Rendever had the pleasure of joining the launch party for the new Aging 2.0 chapter in New Haven, where we entered the pitch competition among other companies innovating in the aging space. It was a fun night, and to cap it all off – we won the competition! Learn more below, and read the original article here.
New network in New Haven focuses on products and services to aid aging
One thing is certain: We are all aging.
Aging gracefully and with dignity is not so certain, but Aging2.0, a network of entrepreneurs, agencies and individuals, has a mission to improve out odds of enjoying the latter part of our lives.
The 5-year-old group recently added New Haven to its network of more than 50 chapters worldwide, bringing together adults, young and old, to talk about and demonstrate ways to make growing older easier and more enjoyable.
“Globally speaking, the main mission of the organization is to bring together innovators in aging, senior care and the longevity space to create a better world for older adults through innovation and technology,” said Brian Geyser, the New Haven chapter’s ambassador. Geyser is vice president of clinical innovation and population health for Maplewood Senior Living, based in Westport, which has seven locations in Connecticut, as well as facilities in Massachusetts, Ohio and New York City.
As baby boomers grow older — Geyser called it “the silver tsunami” —the market for innovative products and services is growing ever larger and Aging2.0 is helping to lift up the best ideas and products. Geyser said the network’s aim is to “create an aging innovation hub in the state … with the goal of identifying new and emerging technologies that are designed specifically for older adults and also accelerating innovation in those startup companies and also to share best practices in aging senior care.”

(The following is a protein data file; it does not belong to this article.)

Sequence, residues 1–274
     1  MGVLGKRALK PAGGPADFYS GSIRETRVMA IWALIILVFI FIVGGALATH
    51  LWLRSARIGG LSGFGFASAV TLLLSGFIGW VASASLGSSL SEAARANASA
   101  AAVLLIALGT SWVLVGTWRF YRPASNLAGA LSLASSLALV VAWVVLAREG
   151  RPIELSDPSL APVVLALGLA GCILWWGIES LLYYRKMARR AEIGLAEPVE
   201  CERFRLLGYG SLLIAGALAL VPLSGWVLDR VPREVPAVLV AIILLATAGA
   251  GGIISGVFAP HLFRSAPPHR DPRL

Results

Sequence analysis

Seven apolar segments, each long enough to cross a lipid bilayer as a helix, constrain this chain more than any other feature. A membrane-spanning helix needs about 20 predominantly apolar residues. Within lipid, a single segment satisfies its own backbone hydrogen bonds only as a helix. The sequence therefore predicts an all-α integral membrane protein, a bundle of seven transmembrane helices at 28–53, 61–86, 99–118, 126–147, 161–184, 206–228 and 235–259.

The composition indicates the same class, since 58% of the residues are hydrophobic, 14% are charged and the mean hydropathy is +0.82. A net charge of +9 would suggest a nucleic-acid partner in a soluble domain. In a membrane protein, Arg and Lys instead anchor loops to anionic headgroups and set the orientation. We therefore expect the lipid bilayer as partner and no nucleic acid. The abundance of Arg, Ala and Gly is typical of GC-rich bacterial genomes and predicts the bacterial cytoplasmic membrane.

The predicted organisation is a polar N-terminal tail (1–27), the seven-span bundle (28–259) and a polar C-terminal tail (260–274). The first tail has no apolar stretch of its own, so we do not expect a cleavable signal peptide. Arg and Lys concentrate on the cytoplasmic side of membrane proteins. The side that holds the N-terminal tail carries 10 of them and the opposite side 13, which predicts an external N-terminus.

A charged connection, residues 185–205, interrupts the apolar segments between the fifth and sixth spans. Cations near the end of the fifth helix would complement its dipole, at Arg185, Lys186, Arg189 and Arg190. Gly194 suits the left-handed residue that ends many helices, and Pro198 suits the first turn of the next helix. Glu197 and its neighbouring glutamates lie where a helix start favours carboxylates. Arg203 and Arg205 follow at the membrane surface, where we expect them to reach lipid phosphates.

At its New Haven launch party on Nov. 8 at Kitchen Zinc, the group held a “Shark Tank”-style event, in which three companies pitched their senior-focused products:
Valisure, based at 5 Science Park and founded by Yale University alumni, which analyzes the quality of the ingredients in prescription medications.
Jamber, founded by Allen and Diana Arseneau — she grew up in Milford — which makes mugs, plates and bowls that are designed for comfort and reduced strain on joints, ligament and tendons.
Rendever — the night’s winner — which enables seniors, through virtual reality, to visit places in their past or have new experiences. Geyser said Maplewood is working with Rendever.
“The residents who live in assisted living are kind of confined to the assisted-living community. They can’t travel anymore,” Geyser said. “We can take them on tours and trips anywhere in the world with their friends … and it’s so realistic that you really feel that you’re there.”
The VR goggles also can help people who suffer from anxiety or depression, often brought on by dementia, he said.
Geyser said the New Haven kickoff attracted more than 60 members.
“It can take a year or so to get to the level we’re at now in one month,” he said.
In addition to individual members, more than 150 organizations are part of the Aging2.0 Alliance, including Maplewood and AARP.